Skip to main content
Community News

Not so independent – despite contract

By 24 February 2013No Comments
Employers seeking to use more flexible labour arrangements need to be aware that it is not enough to rely on the existence of an independent contractor agreement. The Courts are showing a willingness to look beyond the parties’ intention and focus on the real nature of the relationship. 
The ACE Insurance case — what does it mean for you?


As reported last week on WorkplaceInfo, a full Federal Court has recently upheld a 2011 ruling that five insurance sales representatives were employees despite signing contracts that said they were independent contractors, resulting in more than $500,000 in accrued annual and long service leave being credited to the employees.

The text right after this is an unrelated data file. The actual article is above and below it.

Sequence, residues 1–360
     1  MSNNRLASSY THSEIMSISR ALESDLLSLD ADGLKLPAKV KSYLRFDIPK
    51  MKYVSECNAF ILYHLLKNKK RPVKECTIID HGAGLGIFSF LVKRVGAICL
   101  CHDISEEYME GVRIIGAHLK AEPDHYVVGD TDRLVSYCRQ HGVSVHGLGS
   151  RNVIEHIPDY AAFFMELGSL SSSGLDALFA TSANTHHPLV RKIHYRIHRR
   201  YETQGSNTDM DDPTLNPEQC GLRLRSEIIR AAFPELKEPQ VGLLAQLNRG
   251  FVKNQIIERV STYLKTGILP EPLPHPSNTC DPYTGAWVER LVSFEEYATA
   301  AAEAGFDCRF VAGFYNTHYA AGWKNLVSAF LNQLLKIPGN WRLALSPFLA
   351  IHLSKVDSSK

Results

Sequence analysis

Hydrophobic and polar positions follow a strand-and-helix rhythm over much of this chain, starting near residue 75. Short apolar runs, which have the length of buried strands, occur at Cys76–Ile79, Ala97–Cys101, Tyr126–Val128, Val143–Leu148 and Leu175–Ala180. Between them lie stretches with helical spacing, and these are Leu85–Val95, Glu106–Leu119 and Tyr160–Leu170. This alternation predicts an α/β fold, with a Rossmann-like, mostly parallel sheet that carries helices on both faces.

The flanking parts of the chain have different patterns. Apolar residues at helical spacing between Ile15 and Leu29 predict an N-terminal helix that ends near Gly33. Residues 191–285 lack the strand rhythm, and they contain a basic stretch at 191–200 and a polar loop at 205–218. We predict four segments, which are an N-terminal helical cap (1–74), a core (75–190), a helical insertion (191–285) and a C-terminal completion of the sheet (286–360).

The Court confirmed that there is no one single criterion that will necessarily determine whether an arrangement is a contract of employment or an independent contractor arrangement.


In this case (ACE Insurance Limited v Trifunovski [2013] FCAFC 3 (25 January 2013)), an important element for the Court was the insurance company’s right to control the work of the agents. The representatives were trained in particular techniques of selling which the company adopted as its own. The representatives also worked under the company’s close direction, supervision and organisation, with a view to selling insurance products in a way determined by the company.


Employers, note


Before engaging independent contractors, businesses should seek advice to ensure the arrangement is a true independent contractor relationship in order to avoid a later claim for back-pay and unpaid leave entitlements.


Source: Sam McIvor is a Brisbane-based lawyer with Australian Business Lawyers and Advisors with a special interest in employment law.

Purnima Kabra